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WV Chemical Spill Wasn't an Aberration; It Was Business as Usual for Dirty Coal

1 min. read

For anyone who believes that the recent chemical spill in West Virginia was an aberration, this article demonstrates that it's actually just the latest example of how the coal industry's been systematically and knowingly poisoning our water supplies for years.

"I watched the coal industry poison our water for years. Now they're telling us not to drink the water? We've been dumping this stuff into unlined ponds and into old mines for years," he says. "This MCHM was just one of the chemicals we were told was highly toxic but that we dumped into old mine shafts and slurry ponds, and it's been seeping into the groundwater for years."

It sounds bad even before Stanley explains that coal mines are constantly pumped to clear ground water, aquifers, and underground streams: "As soon as we're out of that mine it immediately fills with water. And where does it go from there? I don't know, your guess is as good as mine."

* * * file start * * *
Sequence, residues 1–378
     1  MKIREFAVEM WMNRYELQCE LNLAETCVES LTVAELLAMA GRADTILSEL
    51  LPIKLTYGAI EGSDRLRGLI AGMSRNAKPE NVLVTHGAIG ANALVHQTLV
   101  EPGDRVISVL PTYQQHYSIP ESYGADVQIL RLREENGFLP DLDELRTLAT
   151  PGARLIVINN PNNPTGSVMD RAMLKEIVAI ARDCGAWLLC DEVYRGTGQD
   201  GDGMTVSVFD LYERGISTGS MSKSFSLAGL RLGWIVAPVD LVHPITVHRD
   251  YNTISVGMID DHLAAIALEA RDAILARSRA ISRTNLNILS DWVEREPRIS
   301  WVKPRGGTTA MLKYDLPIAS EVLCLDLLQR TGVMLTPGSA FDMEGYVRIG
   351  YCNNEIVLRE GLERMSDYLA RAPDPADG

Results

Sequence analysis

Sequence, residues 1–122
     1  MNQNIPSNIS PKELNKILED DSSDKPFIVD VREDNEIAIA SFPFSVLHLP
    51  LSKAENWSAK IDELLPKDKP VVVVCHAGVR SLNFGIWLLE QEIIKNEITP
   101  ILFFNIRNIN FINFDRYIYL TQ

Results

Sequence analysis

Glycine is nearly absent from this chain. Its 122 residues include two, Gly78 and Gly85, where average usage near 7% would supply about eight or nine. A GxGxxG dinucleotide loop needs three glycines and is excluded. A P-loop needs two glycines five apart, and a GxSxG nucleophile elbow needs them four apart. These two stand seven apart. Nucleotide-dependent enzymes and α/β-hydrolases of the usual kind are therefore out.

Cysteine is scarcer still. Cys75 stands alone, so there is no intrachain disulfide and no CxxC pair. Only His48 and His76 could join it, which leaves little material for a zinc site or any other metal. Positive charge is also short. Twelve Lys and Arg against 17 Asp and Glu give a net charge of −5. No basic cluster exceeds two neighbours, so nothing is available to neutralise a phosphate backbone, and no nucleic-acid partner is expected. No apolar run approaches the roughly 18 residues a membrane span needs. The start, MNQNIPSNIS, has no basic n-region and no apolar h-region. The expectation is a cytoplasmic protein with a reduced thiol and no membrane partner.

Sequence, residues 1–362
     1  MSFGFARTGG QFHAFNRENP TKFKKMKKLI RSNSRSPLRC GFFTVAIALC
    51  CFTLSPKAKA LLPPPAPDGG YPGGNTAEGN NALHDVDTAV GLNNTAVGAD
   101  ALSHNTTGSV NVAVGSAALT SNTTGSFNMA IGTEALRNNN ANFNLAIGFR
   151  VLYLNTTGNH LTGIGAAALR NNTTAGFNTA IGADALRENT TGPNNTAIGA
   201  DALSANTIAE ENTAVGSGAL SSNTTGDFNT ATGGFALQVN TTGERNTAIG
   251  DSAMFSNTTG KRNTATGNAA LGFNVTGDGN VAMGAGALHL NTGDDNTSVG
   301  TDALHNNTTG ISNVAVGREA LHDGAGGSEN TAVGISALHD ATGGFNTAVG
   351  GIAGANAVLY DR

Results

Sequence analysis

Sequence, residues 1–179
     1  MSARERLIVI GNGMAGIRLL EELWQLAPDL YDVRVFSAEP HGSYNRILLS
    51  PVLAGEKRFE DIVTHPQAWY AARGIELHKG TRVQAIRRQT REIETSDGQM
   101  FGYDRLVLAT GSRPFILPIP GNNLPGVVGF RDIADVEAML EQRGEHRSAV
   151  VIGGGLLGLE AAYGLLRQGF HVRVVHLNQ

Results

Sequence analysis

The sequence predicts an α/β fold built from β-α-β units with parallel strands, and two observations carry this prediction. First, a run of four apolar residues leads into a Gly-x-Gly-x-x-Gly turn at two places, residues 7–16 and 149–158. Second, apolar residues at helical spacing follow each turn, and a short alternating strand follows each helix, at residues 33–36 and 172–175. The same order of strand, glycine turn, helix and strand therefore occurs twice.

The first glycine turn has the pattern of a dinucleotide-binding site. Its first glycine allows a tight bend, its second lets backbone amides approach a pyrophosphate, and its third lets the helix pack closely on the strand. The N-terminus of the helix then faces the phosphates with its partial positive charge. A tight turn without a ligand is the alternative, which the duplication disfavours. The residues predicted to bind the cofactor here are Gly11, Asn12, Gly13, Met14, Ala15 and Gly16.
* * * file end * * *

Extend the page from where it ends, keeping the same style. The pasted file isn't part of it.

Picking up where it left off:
"I haven't drank the water here in years, and I suggest you do the same," he says, pausing and then reiterating. "Don't drink the water. Just don't do it."

There's plenty of evidence to support Stanley's claims.

An Environmental Protection Agency assessment last year identified 132 cases where coal-fired power plant waste has damaged rivers, streams and lakes, and 123 where it has tainted underground water sources, according to an AP investigation by Dina Cappiello and Seth Borenstein. Nearly three quarters of the 1,727 coal mines in the U.S. have not been inspected in five years to see if they are following water pollution laws, according to the same investigation, which cites these and other alarming findings about coal pollution.

Those numbers don't even include pollution by companies in related industries, like Freedom Industries, the chemical company behind this month's spill of coal-cleaning solvent MCHM.

Topics: Clean Economy